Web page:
One of the best offerings that Dell has within their blade server I/O portfolio is the Dell Force10 10/40 GbE MXL Switch Module. You can check out the full details on my earlier blog post, but at a high level, this switch provides 32 x 10GbE ports downstream to the blade servers while offering up to 6 x 40GbE ports up stream. In addition, up to (6) MXL switch IOMs can be stacked using ring or daisy-chain topology giving it a stacking bandwidth upstream of 320G all while providing intra-chassis communication allowing servers to talk to each other without going out to the Access layer. But, if you have a Cisco network, will this work? Believe it or not, Dell and Cisco can play nice together.
The engineers at Dell recently released an easy-to-use guide of recommended basic deployment practices for the Dell Force10 MXL in the access layer of a Cisco Nexus network environment. I have to warn you though – it’s not for the faint at heart, as it includes detailed command line verbage on how to set it up. If you know what the command ” # feature enable vpc” does within NX-OS, you’ll appreciate this document. The guide is broken up topically as follows:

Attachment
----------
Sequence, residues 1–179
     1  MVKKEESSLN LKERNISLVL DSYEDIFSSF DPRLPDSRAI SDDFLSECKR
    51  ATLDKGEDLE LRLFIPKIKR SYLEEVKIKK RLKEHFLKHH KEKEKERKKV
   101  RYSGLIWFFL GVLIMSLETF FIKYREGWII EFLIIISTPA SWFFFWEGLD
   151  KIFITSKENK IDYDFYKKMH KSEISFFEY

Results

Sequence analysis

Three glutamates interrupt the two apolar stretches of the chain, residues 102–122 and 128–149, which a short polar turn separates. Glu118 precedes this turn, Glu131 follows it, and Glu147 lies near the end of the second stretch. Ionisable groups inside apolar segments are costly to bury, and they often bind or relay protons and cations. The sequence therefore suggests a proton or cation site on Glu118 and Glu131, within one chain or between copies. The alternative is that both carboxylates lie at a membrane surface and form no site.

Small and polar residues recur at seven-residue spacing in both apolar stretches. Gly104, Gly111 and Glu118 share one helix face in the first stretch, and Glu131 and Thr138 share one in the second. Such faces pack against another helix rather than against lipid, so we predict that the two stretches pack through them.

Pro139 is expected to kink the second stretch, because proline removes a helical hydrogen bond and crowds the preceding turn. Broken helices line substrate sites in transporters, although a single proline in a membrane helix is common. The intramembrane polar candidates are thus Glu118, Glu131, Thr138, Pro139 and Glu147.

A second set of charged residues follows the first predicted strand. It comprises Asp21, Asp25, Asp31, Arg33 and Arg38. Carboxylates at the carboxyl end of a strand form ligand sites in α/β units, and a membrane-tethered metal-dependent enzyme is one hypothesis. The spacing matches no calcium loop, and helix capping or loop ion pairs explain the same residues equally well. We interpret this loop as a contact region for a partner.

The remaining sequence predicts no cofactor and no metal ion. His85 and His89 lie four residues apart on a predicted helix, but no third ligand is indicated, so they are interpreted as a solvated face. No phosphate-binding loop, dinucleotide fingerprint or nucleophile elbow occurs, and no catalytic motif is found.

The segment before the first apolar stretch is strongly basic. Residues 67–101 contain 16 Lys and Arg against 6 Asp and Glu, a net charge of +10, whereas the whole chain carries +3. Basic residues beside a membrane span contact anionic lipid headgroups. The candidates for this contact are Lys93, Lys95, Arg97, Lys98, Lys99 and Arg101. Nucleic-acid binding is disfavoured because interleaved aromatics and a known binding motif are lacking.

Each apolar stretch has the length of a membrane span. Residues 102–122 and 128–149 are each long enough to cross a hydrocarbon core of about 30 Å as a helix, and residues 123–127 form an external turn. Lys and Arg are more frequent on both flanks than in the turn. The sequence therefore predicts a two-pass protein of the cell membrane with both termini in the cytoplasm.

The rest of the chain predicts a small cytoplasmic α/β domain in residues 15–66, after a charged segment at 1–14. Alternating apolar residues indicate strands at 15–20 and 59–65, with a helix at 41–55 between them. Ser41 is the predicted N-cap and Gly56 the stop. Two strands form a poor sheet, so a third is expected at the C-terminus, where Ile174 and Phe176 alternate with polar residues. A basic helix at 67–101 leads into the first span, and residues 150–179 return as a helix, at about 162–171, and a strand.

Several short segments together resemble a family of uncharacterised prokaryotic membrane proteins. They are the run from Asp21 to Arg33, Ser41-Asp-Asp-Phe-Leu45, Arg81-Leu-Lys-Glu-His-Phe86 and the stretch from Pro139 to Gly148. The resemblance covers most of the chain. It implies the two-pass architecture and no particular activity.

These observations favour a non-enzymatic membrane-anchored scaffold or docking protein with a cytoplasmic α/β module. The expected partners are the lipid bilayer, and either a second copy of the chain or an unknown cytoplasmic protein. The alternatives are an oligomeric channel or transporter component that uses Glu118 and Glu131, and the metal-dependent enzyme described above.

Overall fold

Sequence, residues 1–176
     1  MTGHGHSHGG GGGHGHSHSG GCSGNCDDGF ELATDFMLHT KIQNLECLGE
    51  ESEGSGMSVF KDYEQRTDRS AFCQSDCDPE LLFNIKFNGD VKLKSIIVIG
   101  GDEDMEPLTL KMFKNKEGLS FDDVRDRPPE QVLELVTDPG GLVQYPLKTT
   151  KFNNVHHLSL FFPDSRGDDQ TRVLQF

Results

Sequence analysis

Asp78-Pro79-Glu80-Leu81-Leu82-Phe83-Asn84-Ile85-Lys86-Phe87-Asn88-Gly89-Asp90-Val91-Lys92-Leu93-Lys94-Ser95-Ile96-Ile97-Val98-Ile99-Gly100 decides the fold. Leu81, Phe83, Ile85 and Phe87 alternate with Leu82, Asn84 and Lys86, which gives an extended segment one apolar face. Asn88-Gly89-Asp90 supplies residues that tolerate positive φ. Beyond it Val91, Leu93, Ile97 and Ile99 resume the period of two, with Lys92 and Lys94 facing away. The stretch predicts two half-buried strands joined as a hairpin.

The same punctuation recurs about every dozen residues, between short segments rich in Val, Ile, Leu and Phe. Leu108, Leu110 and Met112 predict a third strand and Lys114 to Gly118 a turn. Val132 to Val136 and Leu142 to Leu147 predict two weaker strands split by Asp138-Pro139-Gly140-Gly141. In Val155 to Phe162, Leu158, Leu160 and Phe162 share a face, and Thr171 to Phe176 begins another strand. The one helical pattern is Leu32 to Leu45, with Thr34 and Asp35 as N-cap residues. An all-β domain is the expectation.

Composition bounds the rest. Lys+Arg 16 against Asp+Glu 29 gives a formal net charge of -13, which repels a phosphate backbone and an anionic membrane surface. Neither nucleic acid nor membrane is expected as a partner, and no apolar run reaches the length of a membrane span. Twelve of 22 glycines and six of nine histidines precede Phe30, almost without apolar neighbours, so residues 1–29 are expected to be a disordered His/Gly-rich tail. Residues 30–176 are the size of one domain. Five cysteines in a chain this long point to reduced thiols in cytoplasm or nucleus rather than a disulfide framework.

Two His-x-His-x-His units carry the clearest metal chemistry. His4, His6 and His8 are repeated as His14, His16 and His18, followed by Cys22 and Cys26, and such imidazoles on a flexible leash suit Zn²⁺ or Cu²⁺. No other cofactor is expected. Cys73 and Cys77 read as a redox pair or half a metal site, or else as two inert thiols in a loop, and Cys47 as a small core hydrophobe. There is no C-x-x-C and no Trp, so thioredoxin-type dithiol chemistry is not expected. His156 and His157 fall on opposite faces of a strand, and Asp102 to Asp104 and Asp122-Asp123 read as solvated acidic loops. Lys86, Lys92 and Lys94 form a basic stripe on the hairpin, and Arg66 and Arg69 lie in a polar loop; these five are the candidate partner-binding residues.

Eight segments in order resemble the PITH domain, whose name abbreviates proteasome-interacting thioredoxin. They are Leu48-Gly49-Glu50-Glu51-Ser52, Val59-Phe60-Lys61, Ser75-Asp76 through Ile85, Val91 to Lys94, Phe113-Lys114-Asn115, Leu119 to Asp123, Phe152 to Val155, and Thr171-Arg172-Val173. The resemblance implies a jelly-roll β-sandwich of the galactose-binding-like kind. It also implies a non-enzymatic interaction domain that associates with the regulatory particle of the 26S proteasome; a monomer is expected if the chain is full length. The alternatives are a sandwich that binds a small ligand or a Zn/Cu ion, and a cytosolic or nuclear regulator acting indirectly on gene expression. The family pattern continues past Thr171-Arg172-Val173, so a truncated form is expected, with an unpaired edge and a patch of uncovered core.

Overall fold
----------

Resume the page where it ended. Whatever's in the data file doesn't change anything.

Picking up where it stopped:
- the and concepts of MXL switch deployment
- introduction to the Force10 MXL hardware and its connectivity and management options
- the first steps of MXL deployment (including a rapid introduction to some common MXL initial deployment tasks)
- downlink (server-side) configuration options
- Link Aggregation Group Configuration
- Uplink configuration options to the Cisco Nexus network environment: running PVST with discreet LAGs nd running PVST with a single LAG connected across two top-of-rack switches that are using a Multi-chassis LAG
Download the complete whitepaper titled, “Deploying the Dell Force10 MXL into a Cisco Nexus Network Environment” at http://bit.ly/DellMXLonNexus
Kevin Houston is the founder and Editor-in-Chief of BladesMadeSimple.com. He has over 15 years of experience in the x86 server marketplace. Since 1997 Kevin has worked at several resellers in the Atlanta area, and has a vast array of competitive x86 server knowledge and certifications as well as an in-depth understanding of VMware and Citrix virtualization. Kevin works for Dell as a Server Sales Engineer covering the Global 500 market.
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